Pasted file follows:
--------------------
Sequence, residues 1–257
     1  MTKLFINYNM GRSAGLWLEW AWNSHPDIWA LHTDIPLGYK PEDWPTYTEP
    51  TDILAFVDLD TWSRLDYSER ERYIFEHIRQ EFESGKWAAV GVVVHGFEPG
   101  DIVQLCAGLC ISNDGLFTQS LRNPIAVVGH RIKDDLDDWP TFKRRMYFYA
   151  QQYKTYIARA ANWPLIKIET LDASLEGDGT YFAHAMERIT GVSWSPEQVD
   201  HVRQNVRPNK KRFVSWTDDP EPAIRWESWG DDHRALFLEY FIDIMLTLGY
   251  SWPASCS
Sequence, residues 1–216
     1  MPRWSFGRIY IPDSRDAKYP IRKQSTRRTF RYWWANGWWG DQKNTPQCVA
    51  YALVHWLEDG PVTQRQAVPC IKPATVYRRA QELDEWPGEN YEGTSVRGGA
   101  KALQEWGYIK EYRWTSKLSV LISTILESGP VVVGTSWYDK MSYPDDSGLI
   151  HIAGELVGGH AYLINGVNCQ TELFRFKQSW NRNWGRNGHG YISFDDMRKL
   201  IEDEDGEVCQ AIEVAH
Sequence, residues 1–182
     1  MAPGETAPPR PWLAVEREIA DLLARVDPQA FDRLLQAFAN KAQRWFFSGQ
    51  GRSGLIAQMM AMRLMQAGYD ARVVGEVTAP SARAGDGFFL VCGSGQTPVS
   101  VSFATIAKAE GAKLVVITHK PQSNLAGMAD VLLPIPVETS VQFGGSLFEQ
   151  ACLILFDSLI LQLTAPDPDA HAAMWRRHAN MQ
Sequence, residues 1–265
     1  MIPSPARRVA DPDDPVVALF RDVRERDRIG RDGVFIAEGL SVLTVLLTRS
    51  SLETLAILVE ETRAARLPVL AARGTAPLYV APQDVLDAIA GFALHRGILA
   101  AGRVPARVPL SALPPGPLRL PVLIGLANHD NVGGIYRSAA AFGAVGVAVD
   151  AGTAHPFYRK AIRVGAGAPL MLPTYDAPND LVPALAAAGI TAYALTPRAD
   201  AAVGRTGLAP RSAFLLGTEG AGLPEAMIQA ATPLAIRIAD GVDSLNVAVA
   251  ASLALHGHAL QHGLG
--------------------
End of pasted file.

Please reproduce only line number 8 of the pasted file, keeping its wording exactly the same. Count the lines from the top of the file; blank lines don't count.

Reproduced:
Sequence, residues 1–216